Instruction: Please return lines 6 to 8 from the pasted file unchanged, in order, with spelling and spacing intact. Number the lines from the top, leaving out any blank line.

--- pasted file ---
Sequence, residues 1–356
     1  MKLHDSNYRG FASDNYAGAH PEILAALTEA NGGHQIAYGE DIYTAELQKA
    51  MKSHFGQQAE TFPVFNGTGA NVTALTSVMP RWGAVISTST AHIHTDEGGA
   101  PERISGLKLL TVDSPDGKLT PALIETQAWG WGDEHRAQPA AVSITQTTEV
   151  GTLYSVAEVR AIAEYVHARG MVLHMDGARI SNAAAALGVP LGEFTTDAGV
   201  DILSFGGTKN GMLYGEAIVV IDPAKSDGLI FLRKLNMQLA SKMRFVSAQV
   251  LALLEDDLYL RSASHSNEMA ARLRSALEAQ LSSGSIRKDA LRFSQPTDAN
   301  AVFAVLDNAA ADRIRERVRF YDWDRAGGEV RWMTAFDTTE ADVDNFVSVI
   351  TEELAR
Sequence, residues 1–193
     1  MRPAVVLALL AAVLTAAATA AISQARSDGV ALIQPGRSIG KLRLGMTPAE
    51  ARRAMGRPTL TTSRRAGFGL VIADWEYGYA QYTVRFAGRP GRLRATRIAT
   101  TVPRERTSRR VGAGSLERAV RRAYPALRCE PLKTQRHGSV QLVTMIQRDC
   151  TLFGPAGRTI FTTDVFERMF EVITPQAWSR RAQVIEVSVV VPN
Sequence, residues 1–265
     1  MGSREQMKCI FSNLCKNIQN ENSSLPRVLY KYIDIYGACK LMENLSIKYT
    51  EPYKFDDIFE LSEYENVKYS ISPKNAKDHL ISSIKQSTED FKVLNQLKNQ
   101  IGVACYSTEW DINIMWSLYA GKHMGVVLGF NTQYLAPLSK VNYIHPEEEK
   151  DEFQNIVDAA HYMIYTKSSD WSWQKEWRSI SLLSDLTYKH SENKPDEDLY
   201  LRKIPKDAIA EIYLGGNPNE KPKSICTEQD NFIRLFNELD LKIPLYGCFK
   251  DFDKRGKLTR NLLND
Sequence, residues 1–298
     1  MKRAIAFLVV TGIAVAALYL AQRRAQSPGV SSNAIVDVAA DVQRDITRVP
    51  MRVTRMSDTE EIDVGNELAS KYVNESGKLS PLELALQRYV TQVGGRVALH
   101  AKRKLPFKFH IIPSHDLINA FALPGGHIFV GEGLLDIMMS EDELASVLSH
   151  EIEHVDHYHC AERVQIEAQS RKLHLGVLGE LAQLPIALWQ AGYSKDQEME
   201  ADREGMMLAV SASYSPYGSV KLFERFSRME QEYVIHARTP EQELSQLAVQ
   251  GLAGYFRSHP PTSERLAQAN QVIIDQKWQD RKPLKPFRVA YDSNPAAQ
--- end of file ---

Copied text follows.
   201  DILSFGGTKN GMLYGEAIVV IDPAKSDGLI FLRKLNMQLA SKMRFVSAQV
   251  LALLEDDLYL RSASHSNEMA ARLRSALEAQ LSSGSIRKDA LRFSQPTDAN
   301  AVFAVLDNAA ADRIRERVRF YDWDRAGGEV RWMTAFDTTE ADVDNFVSVI